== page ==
Courts

Judge could certify Elk Grove man’s extradition at key hearing this week

SACRAMENTO, Calif. — An extradition hearing for an Elk Grove man accused of beating a man to death in Poland in 2007, when he was 16, has been scheduled to be held later this week. At the hearing, a federal judge could certify the extradition request and send the final decision up to the US Secretary of State.

Lawyers for Dawid Wozniak and the federal government have both filed briefs intended to support their opposing positions on the 31-year-old’s possible extradition. Polish officials say Wozniak beat Andrezj Malinowski to death with a stick in a drunken rage in 2007 for attempting to intervene as he hurt another man waiting for a friend outside of her house.

Before that, after Wozniak and his friends parked at a supermarket, the then-teen allegedly tried to pull an unidentified man out of his car. He faces no charges in relation to the other alleged acts of violence and faces one count of grievous bodily injury resulting in the death of Malinowski.

Federal prosecutors say that the evidence submitted in their extradition request, a charging document and statements from several witnesses and a Polish prosecutor, establishes probable cause that Wozniak killed Malinowski.

“Collectively, this is abundant evidence of probable cause,” Assistant US Attorney Audrey Hemesath wrote in a brief. “The extradition request includes corroborating eyewitness statements from the group of people who were stopped at the house on the way to midnight mass, all of whom identified the man wearing the short-sleeve shirt as the attacker with the wooden bat.”

Hemesath also cited eyewitness statements from members of Wozniak’s own group, who she said “appeared to minimize their own involvement” but nonetheless confirmed Wozniak was present.

“Wozniak’s friend Szymanski, who went to trial, was still reluctant to implicate Wozniak, but clarified that there was no one else around the victim when he was beaten until he collapsed, and Wozniak was the one holding the bat,” Hemesath continued.

A team of lawyers for Wozniak, Joseph Abrams of Alameda and Ryan T. Okabe of Manhattan Beach, say the evidence outlined by the government fails to establish probable cause.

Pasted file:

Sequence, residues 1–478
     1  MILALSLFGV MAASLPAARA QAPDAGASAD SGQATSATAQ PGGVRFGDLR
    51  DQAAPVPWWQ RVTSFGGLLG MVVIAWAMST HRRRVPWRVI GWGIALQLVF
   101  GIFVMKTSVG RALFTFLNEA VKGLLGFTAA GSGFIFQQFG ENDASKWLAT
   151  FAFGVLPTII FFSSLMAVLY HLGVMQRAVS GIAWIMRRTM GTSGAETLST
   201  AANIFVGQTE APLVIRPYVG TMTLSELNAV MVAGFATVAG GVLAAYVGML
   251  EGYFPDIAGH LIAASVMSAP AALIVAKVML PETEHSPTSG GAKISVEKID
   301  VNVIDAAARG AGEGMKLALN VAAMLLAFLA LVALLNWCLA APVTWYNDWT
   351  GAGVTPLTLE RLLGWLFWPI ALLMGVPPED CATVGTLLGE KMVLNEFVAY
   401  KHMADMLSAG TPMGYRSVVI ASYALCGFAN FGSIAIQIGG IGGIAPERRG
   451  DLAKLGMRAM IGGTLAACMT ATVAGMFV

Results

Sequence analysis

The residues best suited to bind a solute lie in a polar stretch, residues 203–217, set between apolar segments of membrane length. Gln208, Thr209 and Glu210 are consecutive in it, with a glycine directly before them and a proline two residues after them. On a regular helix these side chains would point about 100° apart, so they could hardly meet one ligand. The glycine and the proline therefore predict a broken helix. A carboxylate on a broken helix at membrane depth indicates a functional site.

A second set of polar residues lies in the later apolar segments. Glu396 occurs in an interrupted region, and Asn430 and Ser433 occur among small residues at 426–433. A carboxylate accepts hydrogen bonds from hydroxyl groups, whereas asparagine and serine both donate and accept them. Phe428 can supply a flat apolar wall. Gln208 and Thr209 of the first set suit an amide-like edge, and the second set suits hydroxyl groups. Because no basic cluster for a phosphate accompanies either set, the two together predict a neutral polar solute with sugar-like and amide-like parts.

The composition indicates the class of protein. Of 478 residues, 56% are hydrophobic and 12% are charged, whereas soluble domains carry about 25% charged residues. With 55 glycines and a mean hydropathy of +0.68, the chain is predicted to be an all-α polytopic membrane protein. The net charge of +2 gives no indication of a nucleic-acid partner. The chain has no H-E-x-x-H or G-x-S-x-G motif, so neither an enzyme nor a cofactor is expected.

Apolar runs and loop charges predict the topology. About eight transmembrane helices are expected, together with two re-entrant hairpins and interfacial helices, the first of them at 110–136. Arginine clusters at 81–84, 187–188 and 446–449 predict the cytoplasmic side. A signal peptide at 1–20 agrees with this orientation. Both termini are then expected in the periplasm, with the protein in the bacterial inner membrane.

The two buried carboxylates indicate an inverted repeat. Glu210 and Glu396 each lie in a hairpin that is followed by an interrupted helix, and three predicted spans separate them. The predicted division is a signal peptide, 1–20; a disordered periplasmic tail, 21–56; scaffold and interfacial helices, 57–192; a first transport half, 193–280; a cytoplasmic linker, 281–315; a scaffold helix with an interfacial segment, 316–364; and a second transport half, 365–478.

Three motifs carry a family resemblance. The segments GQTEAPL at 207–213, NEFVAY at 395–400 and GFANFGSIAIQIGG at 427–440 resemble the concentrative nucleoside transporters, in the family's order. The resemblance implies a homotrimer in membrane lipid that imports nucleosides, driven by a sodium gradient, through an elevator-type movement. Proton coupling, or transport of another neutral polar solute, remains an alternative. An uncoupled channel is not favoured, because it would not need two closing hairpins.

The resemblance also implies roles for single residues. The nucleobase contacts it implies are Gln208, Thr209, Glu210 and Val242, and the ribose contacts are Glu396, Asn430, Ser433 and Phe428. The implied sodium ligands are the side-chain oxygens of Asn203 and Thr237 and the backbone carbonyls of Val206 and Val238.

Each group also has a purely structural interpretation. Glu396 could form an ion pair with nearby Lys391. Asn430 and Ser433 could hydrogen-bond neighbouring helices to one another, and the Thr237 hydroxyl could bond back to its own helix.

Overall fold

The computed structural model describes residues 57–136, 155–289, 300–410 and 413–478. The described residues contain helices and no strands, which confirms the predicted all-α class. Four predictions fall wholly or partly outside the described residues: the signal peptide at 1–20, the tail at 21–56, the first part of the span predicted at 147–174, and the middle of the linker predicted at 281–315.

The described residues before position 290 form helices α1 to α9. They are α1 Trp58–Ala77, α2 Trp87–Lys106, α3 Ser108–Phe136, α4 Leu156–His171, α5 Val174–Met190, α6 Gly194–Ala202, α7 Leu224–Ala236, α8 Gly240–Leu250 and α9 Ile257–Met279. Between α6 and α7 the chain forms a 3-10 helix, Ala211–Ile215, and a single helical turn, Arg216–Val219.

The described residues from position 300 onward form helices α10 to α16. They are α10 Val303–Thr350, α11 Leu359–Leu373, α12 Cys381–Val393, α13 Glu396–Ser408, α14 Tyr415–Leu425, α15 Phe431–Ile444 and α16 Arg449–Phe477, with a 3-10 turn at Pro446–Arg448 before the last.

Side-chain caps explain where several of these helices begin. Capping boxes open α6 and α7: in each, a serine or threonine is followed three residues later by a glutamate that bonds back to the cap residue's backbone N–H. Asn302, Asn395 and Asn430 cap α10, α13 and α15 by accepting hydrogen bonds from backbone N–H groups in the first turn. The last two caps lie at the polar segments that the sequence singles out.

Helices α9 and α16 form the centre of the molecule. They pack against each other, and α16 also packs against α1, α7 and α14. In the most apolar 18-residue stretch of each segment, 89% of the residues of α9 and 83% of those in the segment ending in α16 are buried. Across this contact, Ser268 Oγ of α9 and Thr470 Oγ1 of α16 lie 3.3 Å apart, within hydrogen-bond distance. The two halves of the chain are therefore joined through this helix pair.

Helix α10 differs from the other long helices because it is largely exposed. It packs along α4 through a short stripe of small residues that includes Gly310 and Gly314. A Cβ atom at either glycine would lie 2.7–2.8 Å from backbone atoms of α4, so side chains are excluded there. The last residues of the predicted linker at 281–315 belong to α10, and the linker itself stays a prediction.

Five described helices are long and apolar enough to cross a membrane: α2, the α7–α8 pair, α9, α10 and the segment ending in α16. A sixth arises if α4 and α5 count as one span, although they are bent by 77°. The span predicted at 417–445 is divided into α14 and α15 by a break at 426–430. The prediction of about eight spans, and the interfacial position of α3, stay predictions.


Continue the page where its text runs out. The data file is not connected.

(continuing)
They take issue with the 23-inch stick Wozniak allegedly used to bludgeon Malinowski to death and point to a portion of the Polish prosecutor’s statement to support their case.

“The item of physical evidence does not contribute to the finding of probable cause as it cannot be forensically linked to Mr. Wozniak,” the lawyers wrote. “Specifically, according to the certified statement from the Polish prosecutor, ‘It [the stick] has not been found out during this investigation that any traces originating from Dawid Tomasz Wozniak were found on this piece of evidence’.”

The attorneys also seek to strike several witness statements, citing the rule of specialty, because they aren’t tied to Wozniak’s sole charge in the death of Malinowski. Prosecutors have asserted that Wozniak tried to pull an elderly man out of his car and attacked another man with the stick before launching his fatal attack on Malinowski.

They want to strike statements from Szymon Rutkowski, who Wozniak allegedly attacked in front of his friend’s house, as well as statements from Szymanski and witness Mariusz Kozlowski. Every statement involves other illegal acts prosecutors have asserted Wozniak committed that he was ultimately never charged with.

“Therefore, Mr. Wozniak respectfully requests that the Court strike from the record the relevant portion of the statement and that it not be considered in the probable cause determination,” they wrote.

The lawyers argue further that Wozniak was improperly charged as an adult, citing a letter from the District Public Prosecutor’s Office in Ciechanow. In that letter, the prosecutor’s office challenged the court’s decision to prosecute Wozniak as an adult and questioned the strength of the evidence submitted against him.

“The complaint by the District Public Prosecutor’s Office is a clear and powerful rebuke of the Polish court’s conduct in assessing the critical issue of whether or not Dawid should have been prosecuted as an adult, or even at all,” the brief reads. “The complaint speaks directly to the critical issue of probable cause that this court must decide at Dawid’s extradition hearing.”

Court will resume on Thursday, where a federal judge is set to rule on the possible certification of Wozniak’s extradition. If the extradition is certified, the decision will be sent to US Secretary of State Antony Blinken, whose office holds the final decision to surrender overseas fugitives.

Ethan Biando
Ethan Biando is a freelance journalist from Sacramento. His writing focuses on crime, courts, and policing. Find him on Twitter @ethanb822

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